To sum up, successful CIOs today need to have their heads into strategy but their feet firmly planted in good execution. This dual role may require two different sets of measurements, suggests Gartner’s Kitzis. CIOs must not only pay attention to traditional measurements for IT performance and budgets, but they will also have to translate what those metrics mean and how they relate to the business as a whole.”You need to put the language into the context of what the business cares about. That means you may have to have two dashboards,” she says.

Kozik dances just such a two-step at TIAA-CREF. She spends a lot of time meeting with business managers in various units in order to find out ways to better serve them and their external customers. These discussions yield information that Kozik presents to the company’s trustees every other month to demonstrate how she’s using IT at a strategic level.

A typical meeting with a business unit head includes a review of the application portfolio. In the trading unit, for example, there may be 100 IT applications supporting the trading of securities and bonds, including price, volume, analyses and regulatory compliance. Kozik will discuss any operational shortcomings with the head of the trading unit. Then they will review the portfolio for redundancies and look for ways to improve applications, drive better and faster decision making and therefore add value to investors.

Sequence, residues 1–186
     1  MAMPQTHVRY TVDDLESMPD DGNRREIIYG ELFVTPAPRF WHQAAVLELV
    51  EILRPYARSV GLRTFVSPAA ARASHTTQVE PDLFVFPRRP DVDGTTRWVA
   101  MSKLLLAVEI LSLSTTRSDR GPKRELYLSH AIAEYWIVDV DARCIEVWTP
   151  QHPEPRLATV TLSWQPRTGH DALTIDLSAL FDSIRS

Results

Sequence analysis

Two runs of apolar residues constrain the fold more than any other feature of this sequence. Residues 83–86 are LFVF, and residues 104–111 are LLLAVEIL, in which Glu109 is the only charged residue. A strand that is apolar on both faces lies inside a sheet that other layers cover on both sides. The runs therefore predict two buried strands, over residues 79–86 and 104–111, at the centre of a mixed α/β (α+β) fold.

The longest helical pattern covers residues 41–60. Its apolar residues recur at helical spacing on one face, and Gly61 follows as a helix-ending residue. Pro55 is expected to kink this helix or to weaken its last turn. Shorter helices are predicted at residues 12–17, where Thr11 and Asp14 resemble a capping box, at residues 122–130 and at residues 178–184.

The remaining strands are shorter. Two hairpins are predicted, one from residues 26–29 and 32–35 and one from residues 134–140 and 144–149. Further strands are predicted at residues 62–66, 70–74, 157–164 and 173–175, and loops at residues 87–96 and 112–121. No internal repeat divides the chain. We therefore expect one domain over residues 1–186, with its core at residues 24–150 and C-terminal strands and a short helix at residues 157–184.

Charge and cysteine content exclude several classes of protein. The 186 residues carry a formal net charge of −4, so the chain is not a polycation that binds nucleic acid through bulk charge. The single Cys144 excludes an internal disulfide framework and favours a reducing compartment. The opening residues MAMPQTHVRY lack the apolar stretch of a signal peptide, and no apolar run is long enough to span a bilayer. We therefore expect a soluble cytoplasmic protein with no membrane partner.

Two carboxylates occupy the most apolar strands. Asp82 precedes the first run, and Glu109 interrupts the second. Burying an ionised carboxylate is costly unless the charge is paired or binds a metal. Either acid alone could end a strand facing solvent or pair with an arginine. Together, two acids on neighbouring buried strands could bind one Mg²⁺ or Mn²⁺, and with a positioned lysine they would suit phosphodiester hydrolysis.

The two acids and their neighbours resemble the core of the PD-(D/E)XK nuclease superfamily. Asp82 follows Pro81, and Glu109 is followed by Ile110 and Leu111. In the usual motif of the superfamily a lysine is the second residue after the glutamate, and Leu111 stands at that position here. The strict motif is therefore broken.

She discusses the results of these reviews with TIAA-CREF’s trustees, who want to know how IT is creating value for the business. For example, is Kozik taking advantage of the actuarial information the organization has built up over 80 years—”harvesting portfolios,” as she calls it?

“The way we work together has changed,” Kozik says. She sums up the state of today’s CIOs when she says,”I think more than ever, the IT leaders of today have to take on a responsibility of the IT literacy level across the company and help everyone see how technology runs their business. That’s the responsibility I have.”